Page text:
Brewer v. Detroit Public Schools Community District et al
ORDER Overruling 20 Objections. Signed by District Judge Robert H. Cleland. (JOwe)
UNITED STATES DISTRICT COURT
FOR THE EASTERN DISTRICT OF MICHIGAN
Case No. 17-11364
DETROIT PUBLIC SCHOOLS COMMUNITY
DISTRICT, et al.,
ORDER OVERRULING OBJECTIONS
Pro se Plaintiff Verlina Brewer Plaintiff objects to Magistrate Judge Elizabeth
Stafford’s order (Dkt. #18) that the court will not, at this time, seek out and appoint an
attorney to represent her in this litigation pursuant to 28 U.S.C. § 1915(e)(1). The court
assigned all pre-trial matters to the Magistrate Judge under 28 U.S.C. § 636. (Dkt. # 8.)
Congress intended 28 U.S.C. § 636 to relieve the burden on the federal judiciary
by permitting the assignment of district court duties to magistrate judges. See United
States v. Curtis, 237 F.3d 598, 602 (6th Cir. 2001) (citing Gomez v. United States, 490
U.S. 858, 869–70 (1989)). Section 636(b)(1)(A) provides that the district court “may
reconsider any pretrial matter [referred to the magistrate judge] . . . where it has been
shown that the magistrate's order is clearly erroneous or contrary to law.” Federal Rule
of Civil Procedure 72(a) “implements” § 636, providing that the “district judge to whom
the case is assigned shall consider such objections and shall modify or set aside any
portion of the magistrate's order found to be clearly erroneous or contrary to law.” See
Massey v. City of Ferndale, 7 F.3d 506, 509 (6th Cir. 1993).
A judicial finding is “clearly erroneous” when it leaves the reviewing court with a
definite and firm conviction that a mistake has been committed. Under the clearly
erroneous standard, a court reviewing a magistrate judge's order does not ask whether
the finding is the best conclusion to be drawn from the evidence. This does not permit
the reviewing court to substitute its own conclusion for that of the magistrate judge.
Rather, the standard only requires the reviewing court to determine if there is evidence
to support the magistrate judge's finding and that the finding was reasonable. Heights
Cmty. Congress v. Hilltop Realty, Inc., 774 F.2d 135, 140 (6th Cir. 1985)).
The issue addressed in the Magistrate Judge's June 28, 2017 Order is nondispositive. The Magistrate Judge's properly addressed and analyzed the factors to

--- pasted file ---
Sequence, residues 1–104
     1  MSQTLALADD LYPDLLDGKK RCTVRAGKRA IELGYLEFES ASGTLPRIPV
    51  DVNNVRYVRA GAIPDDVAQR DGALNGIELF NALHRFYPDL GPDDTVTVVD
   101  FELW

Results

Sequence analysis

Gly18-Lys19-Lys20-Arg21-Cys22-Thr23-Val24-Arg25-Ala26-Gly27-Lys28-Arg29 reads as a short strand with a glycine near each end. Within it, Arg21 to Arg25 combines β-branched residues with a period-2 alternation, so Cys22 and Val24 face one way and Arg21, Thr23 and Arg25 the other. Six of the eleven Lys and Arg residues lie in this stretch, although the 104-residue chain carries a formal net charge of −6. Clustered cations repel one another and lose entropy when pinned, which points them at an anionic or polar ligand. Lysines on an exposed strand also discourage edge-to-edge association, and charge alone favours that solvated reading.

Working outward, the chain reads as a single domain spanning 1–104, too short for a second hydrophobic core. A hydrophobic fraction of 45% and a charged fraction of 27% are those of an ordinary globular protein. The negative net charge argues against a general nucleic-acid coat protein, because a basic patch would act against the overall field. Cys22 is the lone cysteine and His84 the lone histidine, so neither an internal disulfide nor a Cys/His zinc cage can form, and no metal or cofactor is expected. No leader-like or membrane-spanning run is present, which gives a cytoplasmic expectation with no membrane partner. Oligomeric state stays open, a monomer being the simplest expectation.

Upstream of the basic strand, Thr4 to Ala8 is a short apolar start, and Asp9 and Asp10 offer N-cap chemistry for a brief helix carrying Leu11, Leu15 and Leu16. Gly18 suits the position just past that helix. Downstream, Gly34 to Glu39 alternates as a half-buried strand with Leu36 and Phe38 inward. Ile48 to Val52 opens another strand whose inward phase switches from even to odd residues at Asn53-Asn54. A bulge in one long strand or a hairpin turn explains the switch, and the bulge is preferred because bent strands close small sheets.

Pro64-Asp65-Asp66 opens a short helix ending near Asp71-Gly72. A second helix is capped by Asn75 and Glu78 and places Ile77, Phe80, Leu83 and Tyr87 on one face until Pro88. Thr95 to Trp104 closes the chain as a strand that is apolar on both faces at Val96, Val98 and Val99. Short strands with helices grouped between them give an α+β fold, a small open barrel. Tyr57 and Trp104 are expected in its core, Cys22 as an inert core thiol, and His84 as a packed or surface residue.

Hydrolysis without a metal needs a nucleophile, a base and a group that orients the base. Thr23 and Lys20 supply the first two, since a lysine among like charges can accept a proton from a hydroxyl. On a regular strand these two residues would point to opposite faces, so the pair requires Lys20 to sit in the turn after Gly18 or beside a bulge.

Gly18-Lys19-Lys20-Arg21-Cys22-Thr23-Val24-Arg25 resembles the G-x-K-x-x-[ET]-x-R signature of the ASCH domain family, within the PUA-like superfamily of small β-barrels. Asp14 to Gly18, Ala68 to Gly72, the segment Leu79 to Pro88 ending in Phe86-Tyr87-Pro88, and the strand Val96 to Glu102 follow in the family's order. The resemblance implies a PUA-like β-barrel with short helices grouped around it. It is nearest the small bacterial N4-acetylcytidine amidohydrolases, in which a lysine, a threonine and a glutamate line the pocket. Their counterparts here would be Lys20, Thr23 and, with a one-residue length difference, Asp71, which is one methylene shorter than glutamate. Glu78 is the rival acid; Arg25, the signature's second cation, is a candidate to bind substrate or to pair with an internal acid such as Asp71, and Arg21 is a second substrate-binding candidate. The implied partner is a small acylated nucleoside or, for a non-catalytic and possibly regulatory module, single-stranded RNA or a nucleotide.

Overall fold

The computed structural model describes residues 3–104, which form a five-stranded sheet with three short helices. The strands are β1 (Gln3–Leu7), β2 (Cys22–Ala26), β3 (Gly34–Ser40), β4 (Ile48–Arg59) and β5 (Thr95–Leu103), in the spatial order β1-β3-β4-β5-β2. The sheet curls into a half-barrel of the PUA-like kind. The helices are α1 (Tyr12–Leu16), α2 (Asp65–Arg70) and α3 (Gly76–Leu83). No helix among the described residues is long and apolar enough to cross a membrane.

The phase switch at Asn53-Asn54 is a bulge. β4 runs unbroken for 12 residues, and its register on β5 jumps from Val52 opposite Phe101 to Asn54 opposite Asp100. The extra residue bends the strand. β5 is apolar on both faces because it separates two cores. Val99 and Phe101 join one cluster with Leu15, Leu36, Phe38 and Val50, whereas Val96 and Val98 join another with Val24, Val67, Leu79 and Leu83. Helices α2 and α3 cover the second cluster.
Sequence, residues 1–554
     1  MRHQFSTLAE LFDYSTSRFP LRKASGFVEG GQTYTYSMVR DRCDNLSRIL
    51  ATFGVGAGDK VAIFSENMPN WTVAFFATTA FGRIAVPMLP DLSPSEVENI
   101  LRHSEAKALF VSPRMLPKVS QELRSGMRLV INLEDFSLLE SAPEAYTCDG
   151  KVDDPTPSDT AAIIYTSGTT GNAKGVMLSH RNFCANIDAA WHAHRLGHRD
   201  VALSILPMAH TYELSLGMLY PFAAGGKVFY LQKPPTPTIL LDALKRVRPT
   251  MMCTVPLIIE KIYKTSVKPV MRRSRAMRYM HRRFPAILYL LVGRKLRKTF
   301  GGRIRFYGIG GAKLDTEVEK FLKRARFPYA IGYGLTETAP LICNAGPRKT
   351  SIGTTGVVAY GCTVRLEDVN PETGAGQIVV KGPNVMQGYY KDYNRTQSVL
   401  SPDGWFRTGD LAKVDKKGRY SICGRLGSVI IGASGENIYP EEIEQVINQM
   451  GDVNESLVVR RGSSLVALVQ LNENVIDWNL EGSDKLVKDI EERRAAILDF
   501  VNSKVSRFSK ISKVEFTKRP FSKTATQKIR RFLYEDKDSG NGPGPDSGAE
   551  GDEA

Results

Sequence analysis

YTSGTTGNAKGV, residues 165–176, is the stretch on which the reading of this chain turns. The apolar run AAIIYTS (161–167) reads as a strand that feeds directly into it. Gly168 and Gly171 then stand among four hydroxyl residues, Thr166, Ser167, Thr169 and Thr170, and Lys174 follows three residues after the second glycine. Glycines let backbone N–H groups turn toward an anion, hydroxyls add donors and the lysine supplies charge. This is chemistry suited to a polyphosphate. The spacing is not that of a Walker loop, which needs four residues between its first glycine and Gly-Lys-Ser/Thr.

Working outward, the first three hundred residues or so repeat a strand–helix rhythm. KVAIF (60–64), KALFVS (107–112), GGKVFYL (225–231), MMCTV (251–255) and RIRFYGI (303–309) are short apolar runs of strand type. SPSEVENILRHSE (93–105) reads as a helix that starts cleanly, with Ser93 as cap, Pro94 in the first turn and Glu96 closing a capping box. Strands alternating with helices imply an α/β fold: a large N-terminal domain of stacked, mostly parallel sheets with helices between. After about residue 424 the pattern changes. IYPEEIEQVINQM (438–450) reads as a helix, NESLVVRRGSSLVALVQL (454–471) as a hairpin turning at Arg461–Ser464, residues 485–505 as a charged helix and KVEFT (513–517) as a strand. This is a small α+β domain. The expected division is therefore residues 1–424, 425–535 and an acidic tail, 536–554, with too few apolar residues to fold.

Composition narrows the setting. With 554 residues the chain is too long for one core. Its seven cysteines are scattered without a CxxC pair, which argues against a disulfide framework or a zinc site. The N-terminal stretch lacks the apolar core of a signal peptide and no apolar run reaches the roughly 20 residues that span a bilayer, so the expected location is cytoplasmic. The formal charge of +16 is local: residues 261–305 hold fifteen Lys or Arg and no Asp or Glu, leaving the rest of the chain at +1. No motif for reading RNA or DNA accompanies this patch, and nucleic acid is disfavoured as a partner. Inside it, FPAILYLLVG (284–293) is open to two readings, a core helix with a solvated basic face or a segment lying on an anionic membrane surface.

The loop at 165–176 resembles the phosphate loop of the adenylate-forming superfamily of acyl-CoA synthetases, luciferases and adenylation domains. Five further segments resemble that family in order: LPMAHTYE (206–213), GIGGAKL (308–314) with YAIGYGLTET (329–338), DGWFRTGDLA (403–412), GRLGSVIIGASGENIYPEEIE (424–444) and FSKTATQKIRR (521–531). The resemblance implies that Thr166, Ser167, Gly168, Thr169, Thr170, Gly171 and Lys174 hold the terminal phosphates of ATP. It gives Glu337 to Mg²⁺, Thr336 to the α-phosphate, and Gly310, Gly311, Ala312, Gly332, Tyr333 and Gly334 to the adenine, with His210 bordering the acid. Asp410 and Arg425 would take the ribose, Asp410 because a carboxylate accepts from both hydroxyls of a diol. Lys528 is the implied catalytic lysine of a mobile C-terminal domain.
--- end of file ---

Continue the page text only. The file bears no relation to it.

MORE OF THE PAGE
consider in response to a request for an appointed attorney to serve at no cost to a
party. Plaintiff raises essentially the same issues in her objection to the decision as
raised in her original request, and appears to under the impression that the court has a
roster of attorneys from which it can order an attorney to accept a civil litigation
assignment as is done in criminal litigation. The Magistrate Judge’s Order explains that
this is not the case—the court can only request that an attorney accept representation
without being compensated. See 28 U.S.C. § 1915(e)(1) (“The court may request an
attorney to represent any person unable to afford counsel.”) (emphasis added).
Reviewing the Magistrate Judge's conclusions under the clearly erroneous or
contrary to law standard, the question is whether the Magistrate Judge's ruling is clearly
erroneous. As explained above, it is not. Accordingly,
IT IS ORDERED that Plaintiff’s objections (Dkt. #20) to the Magistrate Judge’s
Order (Dkt. # 18) are OVERRULED.
s/Robert H. Cleland
ROBERT H. CLELAND
UNITED STATES DISTRICT JUDGE
Dated: August 16, 2017
I hereby certify that a copy of the foregoing document was mailed to counsel of record
on this date, August 16, 2017, by electronic and/or ordinary mail.
Acting in the absence of Lisa Wagner
Case Manager and Deputy Clerk
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